Ben Shapiro, a prominent conservative author and speaker who is set to speak on Georgetown University’s campus next month, is openly racist, Islamophobic and transphobic. Bringing Shapiro, a former editor-at-large of Breitbart News, to Georgetown only normalizes such hate.

Unfortunately, some Georgetown student organizations have failed to responsibly wield their power of inviting speakers to campus. Georgetown University College Republicans and the Georgetown University Lecture Fund announced Friday they are co-sponsoring Shapiro’s March 21 speech on campus. These organizations are neglecting their duty to the Georgetown community to only invite figures that do not have a reputation for bigotry.

GUCR and Lecture Fund should revoke their sponsorship of Shapiro’s speech. By endorsing the event, members who remain on these organizations’ boards are complicit in legitimizing Shapiro’s hateful speech.

Shapiro is not shy about his views — his targeting of minorities and the LGBTQ community is integral to his brand.

In “The Radical Evil of the Palestinian Arab Population,” a 2007 column urging then-President George W. Bush to stop treating the “Palestinian Arabs’ thoroughgoing radicalism as a top-down problem,” Shapiro wrote: “The Palestinian Arab population is rotten to the core.”

In 2010, he tweeted, “Israelis like to build. Arabs like to bomb crap and live in open sewage. This is not a difficult issue. #settlementsrock.”

In a 2015 interview, Shapiro refused to address a transgender woman by her preferred pronouns, claiming her identification as a woman “is a lie.” Shapiro often professes his belief that to be transgender is to suffer from a mental disorder.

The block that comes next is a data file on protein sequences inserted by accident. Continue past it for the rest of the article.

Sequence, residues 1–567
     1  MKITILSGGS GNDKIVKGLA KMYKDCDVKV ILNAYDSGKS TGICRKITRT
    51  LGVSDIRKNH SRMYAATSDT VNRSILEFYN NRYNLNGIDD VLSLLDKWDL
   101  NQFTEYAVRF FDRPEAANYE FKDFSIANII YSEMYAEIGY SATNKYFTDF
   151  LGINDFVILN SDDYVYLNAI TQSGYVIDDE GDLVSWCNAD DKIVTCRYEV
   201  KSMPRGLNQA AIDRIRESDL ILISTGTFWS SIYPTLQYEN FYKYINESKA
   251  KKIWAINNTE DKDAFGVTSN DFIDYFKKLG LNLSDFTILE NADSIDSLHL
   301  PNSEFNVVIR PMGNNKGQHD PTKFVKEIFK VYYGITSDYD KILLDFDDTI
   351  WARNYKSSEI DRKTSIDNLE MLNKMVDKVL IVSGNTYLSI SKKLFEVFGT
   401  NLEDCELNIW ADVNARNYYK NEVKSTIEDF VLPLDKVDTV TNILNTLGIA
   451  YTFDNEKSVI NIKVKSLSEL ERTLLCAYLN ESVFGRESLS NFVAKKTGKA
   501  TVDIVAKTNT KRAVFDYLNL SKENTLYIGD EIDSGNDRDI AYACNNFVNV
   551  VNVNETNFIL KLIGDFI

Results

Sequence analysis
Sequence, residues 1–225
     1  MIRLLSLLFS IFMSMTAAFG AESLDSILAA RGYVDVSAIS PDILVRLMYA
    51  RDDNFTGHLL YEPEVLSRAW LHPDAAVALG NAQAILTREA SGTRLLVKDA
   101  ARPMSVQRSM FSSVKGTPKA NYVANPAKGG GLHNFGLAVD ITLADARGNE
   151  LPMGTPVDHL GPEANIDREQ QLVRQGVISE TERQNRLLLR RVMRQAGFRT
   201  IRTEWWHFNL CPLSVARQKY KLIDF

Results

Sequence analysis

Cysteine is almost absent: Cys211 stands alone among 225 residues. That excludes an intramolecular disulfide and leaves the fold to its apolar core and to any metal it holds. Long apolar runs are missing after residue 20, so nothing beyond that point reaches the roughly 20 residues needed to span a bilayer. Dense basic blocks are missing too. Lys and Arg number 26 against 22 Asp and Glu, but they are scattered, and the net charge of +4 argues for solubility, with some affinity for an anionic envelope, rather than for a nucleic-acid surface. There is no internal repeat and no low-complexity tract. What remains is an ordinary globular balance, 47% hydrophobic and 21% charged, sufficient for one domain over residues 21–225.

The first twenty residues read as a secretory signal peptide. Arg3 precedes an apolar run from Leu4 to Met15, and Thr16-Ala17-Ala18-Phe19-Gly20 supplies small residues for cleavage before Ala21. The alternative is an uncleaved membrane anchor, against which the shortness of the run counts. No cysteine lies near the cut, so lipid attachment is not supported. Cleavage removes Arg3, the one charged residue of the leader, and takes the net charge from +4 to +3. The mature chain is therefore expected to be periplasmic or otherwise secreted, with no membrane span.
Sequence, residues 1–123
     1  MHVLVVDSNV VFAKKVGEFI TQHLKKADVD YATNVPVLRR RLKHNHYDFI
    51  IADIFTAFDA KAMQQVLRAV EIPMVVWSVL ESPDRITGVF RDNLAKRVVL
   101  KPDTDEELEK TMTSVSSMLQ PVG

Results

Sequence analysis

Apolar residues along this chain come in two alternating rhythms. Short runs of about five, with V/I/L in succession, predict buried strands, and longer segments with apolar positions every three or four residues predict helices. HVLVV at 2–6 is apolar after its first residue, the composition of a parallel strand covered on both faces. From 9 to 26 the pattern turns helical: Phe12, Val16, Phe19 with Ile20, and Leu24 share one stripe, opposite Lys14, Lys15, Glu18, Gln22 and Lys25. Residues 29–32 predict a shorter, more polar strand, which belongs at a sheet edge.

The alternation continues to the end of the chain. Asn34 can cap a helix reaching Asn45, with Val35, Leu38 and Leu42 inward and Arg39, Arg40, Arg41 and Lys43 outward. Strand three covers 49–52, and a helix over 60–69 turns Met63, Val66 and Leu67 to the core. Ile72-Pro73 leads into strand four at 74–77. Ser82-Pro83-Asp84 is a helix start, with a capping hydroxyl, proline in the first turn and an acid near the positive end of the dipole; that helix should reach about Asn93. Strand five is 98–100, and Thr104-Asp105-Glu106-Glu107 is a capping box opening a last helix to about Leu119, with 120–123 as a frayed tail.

In 2016, Shapiro promoted on Facebook an article published on his website, The Daily Wire, which covered German authorities’ distribution of flyers instructing migrants not to grope people. The article called the Muslim migrant presence in Europe a “disease.” Shapiro has a history of malice toward Muslims. In a 2014 video, he claimed, “We’re above 800 million Muslims radicalized, more than half the Muslims on Earth. That’s not a minority. That’s now a majority. Politifact found these numbers to be “practically meaningless.”

In a 2018 interview, he discussed his reasoning for removing a Columbus Day video that was racist to indigenous people from his website, after leaving the video on his site overnight. During the interview, he asserted his belief that “Native American culture was inferior to Western culture.”

Shapiro’s views, shamelessly presented and widely publicized, are not merely controversial. His racist, Islamophobic and transphobic remarks reflect bigoted ideas that we as Hoyas should universally condemn.

We must not think of this event as an issue of increasing accessibility to diverse viewpoints, as proponents of similar events often contend. Shapiro’s views are widely available on the internet — he runs his own website, hosts a daily talk show, posts his speeches on YouTube and is active on social media.